A startup company based in Baltimore has recently been awarded research funding by the National Institute on Drug Abuse (NIDA), through a Small Business Innovation grant. emocha Mobile Health, a company focused on medication adherence, will receive $225,000 through the NIH Fast-Track mechanism, with an additional $1.5 million tied to achieving specific milestones.
Healthcare practitioners and professionals across the United States have witnessed a rapid increase in the use of prescription and non-prescription opioids in the last decade; as a result, drug overdoses are now the leading cause of death among Americans under 50. According to the Drug Enforcement Administration, “Overdose deaths, particularly from prescription drugs and heroin, have reached epidemic levels.” Buprenorphine maintenance therapy is now a frequently utilized treatment option: using a partial agonist opioid to treat acute opioid addiction.
emocha’s project is engineered to demonstrate the viability of ‘video directly observed therapy’ for patients receiving buprenorphine therapy in office-based opioid treatment programs (OBOT). Outlined outcomes of interest include patient adherence, care retention, medication diversion, and measures of illicit opioid use and abstinence.
The practice of directly observed therapy (DOT)—watching a patient ingest each and every dose of medication—is the currently practiced global standard of care in tuberculosis and methadone maintenance. The video-based technology utilized by emocha ensures that DOT is more cost-effective, and scalable. The company has also deployed the technology for hepatitis C and tuberculosis monitoring. A study conducted at Johns Hopkins recently revealed that emocha’s tuberculosis platform ensured that patients achieved a 92% rate, on average, of adherence to their medication regimen, saving providers over $1,400 in monitoring costs per patient.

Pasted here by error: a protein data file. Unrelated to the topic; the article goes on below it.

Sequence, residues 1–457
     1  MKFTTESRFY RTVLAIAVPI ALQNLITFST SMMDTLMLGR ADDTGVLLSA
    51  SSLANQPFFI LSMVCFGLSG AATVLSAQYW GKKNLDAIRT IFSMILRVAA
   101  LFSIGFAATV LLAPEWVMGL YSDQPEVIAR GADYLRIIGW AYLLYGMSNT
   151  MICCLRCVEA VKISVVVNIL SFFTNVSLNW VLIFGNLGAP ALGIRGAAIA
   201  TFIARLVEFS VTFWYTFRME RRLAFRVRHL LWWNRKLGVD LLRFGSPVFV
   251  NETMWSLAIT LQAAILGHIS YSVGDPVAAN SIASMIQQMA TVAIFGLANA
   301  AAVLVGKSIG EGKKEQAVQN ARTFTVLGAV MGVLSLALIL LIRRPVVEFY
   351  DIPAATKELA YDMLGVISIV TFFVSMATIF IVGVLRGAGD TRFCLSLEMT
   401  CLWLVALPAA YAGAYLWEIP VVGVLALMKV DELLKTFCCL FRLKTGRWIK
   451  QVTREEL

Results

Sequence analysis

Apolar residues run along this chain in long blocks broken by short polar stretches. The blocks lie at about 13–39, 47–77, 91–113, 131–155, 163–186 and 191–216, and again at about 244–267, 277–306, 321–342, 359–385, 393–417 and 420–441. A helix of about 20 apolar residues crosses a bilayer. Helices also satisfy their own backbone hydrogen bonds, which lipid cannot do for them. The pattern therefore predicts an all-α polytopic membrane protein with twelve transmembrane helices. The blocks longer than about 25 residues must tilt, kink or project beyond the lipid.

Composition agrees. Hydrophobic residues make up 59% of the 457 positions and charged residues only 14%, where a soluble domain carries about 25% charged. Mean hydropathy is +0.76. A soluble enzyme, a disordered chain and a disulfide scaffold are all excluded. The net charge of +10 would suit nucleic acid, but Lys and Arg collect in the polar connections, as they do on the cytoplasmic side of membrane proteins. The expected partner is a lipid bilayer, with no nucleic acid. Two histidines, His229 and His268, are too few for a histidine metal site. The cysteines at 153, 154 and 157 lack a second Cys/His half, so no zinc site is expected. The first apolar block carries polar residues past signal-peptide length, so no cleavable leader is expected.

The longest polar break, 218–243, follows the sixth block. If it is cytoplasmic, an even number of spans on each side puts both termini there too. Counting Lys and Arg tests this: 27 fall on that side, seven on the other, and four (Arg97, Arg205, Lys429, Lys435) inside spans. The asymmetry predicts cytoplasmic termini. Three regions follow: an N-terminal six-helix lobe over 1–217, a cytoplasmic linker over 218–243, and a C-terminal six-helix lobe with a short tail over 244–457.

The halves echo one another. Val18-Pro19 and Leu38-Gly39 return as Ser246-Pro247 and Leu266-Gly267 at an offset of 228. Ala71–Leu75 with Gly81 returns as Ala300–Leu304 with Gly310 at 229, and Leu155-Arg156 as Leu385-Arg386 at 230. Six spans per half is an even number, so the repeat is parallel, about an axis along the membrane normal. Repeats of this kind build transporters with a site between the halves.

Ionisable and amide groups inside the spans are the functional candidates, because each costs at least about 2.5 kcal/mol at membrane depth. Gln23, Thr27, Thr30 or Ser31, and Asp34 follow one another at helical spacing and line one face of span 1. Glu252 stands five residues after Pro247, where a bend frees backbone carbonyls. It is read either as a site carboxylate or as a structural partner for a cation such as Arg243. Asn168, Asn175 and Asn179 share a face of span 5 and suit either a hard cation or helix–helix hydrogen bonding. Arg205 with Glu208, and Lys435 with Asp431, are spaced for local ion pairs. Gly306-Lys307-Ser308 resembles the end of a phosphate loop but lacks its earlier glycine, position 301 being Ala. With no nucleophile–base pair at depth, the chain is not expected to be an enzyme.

Extensive literature demonstrates that prescribers of buprenorphine for opioid and substance use disorders experience consistent barriers to treatment expansion through medication diversion and patient non-adherence. Statistics demonstrate that approximately 50% of patients treated with buprenorphine are not retained through maintenance treatment. These patients, as well as those undergoing methadone treatment—which requires DOT—will likely experience better retention and overall outcomes with video directly observed therapy.
emocha will focus on developing the technology for OBOT in collaboration with the University of Washington School of Medicine and Boston Medical Center, two of the leading academic medical centers for substance abuse disorder research. Dr. Judith Tsui, an associate professor of medicine at the UW School of Medicine, remarked: “I am excited for this opportunity to partner with emocha to learn if this new technology can support patients who are engaging in treatment for opioid use disorders with buprenorphine.”
“This project with emocha will allow us as clinicians and researchers to examine a new platform that has potential to expand our medicine bag with a technological aid that helps patients achieve a successful recovery,” said Dr. Jeffrey Samet, Chief of General Internal Medicine at Boston Medical Center.